- Photo by Dave Maass
Traversing the doorway of Fred Longworth's Classic Audio Repair is like entering the Lost World. A Balinese mask hangs on the wall next to a glass case where two dead lizards—one fully skeletal—are displayed beside an assortment of turntable cartridges. A crocodilian mouth made of two slabs of spiky sound-proofing and a purple foam tongue rests on the waiting room's overhang.
Cross into the employees-only area and you discover that Longworth's workshop is a rainforest of cables, the shelves thick with the carcasses of arcane sound systems from the '50s, '60s and '70s, the floor dusted with electronic detritus. Two repair stations—one for Longworth and one for his chief technician, Jordan Pier—look like high-tech sacrificial altars with their oscilloscopes, voltage detectors, dental picks and surgeons' hemostats.
Longworth began repairing audio components in 1972 and operated a shop in Ocean Beach until 1994, when he opened Classic Audio Repair off Adams Avenue in Normal Heights. In 2007, he expanded, leasing the unit directly next door with the intent of opening a showroom. The recession quashed that plan, but Longworth kept the space as a sort of garage.
Entering this dark annex, wearing a magnifying visor pushed back on his head and wielding a flashlight, Longworth looks like a archaeologist exploring a catacomb. He waves his torch at massive, credenza-style consoles and dusty reel-to-reels in the same way a History Channel host might point out sarcophagi and urns.
Then there's Longworth himself, with his fanny pack full of pungent lavender and a never-ending supply of granola bars. He's a high-fidelity David Livingstone who, with time, became a full-on electronic witch doctor.
"I had a useless liberal-arts degree from San Diego State, and I had a very intense hobby of electronics—and I was also in a failing rock band as the pianist," the 66-year-old Chula Vista native says. "I didn't have any money, so I had to learn how to fix things. I realized I was kind of good at it, so then I took the electronics-technician program at San Diego City College."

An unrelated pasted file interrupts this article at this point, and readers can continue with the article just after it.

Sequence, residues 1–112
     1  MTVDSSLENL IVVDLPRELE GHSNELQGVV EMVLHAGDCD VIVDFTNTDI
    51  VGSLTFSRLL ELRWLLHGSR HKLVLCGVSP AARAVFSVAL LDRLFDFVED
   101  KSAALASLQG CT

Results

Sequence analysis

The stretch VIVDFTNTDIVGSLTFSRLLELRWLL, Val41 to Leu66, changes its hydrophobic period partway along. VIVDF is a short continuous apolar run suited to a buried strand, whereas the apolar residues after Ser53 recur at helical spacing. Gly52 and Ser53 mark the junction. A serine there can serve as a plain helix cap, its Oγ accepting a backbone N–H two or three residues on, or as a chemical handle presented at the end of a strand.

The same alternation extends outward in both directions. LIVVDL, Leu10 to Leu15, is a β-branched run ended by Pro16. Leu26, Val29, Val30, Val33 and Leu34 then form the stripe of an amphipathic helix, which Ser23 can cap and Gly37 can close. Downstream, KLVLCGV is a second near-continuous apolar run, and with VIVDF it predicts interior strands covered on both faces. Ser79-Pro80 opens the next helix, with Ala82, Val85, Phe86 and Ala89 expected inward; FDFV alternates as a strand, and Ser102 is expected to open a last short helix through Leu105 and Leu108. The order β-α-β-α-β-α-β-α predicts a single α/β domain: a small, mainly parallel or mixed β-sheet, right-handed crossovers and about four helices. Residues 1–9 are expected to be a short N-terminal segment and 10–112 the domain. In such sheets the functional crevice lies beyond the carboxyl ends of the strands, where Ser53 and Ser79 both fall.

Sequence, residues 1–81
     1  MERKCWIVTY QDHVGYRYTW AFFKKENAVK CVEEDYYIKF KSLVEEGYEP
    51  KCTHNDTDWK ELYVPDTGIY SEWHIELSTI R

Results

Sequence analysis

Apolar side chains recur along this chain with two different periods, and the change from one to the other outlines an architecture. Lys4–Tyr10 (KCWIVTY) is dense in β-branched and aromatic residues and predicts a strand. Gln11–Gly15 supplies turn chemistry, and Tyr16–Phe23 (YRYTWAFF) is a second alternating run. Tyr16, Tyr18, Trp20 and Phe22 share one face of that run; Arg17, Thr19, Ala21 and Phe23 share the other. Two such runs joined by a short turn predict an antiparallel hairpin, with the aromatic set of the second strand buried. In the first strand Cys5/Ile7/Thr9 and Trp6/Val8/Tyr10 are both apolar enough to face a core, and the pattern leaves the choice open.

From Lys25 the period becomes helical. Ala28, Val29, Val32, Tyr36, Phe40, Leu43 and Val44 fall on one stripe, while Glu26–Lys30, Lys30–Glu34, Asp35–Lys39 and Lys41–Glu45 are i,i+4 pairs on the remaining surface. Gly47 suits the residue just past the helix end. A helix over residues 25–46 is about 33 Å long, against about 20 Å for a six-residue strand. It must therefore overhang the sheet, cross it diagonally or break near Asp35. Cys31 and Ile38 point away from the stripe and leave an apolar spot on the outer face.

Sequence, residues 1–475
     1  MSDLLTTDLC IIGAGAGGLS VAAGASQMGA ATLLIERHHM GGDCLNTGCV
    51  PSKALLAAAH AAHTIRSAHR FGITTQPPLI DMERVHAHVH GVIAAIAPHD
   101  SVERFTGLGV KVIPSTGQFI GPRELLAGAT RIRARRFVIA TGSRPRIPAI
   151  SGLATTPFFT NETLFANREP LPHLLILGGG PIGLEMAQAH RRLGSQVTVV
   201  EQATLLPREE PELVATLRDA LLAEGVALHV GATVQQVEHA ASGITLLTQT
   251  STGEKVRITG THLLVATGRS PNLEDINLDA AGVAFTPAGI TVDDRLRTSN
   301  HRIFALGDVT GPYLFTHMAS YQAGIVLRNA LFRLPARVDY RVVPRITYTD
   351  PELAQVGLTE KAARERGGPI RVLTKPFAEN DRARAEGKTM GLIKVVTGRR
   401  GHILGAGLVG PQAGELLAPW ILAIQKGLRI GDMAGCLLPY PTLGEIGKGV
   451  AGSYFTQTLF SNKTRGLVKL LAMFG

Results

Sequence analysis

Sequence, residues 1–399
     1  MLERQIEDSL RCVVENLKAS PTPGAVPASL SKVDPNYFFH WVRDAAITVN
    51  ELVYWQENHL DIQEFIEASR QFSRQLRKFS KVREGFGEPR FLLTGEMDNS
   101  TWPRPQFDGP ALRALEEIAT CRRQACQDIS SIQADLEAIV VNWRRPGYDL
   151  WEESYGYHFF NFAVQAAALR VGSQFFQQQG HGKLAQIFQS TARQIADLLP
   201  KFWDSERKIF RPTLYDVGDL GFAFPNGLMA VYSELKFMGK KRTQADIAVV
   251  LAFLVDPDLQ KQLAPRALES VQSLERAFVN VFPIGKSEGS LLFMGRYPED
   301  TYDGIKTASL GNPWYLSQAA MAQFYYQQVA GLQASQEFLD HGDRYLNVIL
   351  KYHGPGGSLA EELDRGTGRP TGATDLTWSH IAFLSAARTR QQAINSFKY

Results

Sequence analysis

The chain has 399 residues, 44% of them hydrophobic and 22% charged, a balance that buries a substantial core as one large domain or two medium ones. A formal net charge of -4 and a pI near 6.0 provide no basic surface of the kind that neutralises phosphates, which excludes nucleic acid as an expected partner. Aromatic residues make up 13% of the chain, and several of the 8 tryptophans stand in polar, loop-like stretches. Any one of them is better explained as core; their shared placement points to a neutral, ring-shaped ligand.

Longworth's repair shop is not the portrait of modern efficiency. Records are maintained with pen and paper. No one gets in and out in a jiffy. The customer is frequently wrong. Over the years, Longworth has established a reputation as a gentler, nerdier, more talkative, vintage-audio version of Seinfeld's Soup Nazi.
"You always have to realize that, as a professional audio-service person, your perceptions of what is going on may differ from the customer's perceptions and that difference oftentimes is very large," he says. "The problem you run into is that your perceptions are usually the correct ones. The ones the customer has are frequently, shall we just call them, 'unschooled opinions.' You have to very tactfully lead them to where they can comprehend enough of what actually needs to be done on their equipment so they're not going to fuss and argue about it."
What really drives Longworth "No soup for you!" crazy is when a customer, for whatever reason, be it the embarrassment of plain foolishness, won't tell him the whole story about the damage. Did they spill a beer on it? Did they purchase it from a shady eBay seller? Longworth needs to know.
"I wish they would be straight with me," he says. "They think if they don't tell me about something that it would save money or that it would alter the diagnosis. I compare it to not telling a doctor that you're coughing up blood."
Longworth often talks in medical terms, though he may be more akin to a veterinarian whose patients are sometimes abused and neglected by the owners who love them dearly. A week earlier, he had to deliver the grim news to a young woman that the turntable belonging to her terminally ill father was beyond repair. She, as many customers do, accidentally damaged it by transporting it improperly.
"She broke down and sat in the customer area five minutes, just weeping," he says. "I've been doing this a long time, but this is the first time that's happened."
What makes audio repair worth doing, Longworth says, is he's able to not only fix an audio system, but also restore the sound quality to a point the owner no longer thought was possible.
One afternoon, Longworth is examining a customer's table radio, twisting the tuner down the dial, from staticky jazz to a snowy version of Alex Clare's "Too Close." He inspects the back end and derides the customer for trying to perform "amateur brain surgery" on the radio. The quote is $125.
"They either love me or hate me," Longworth says, reflecting on his relationship with his clientele.
"Well, they know you," says the customer, having waited the greater part of a half-hour. "Not a lot of guys do this."
"Not true," interrupts a second customer, who drove down from Oceanside to have Longworth inspect his classic Sansui receiver. "A lot of guys do this, just not with integrity."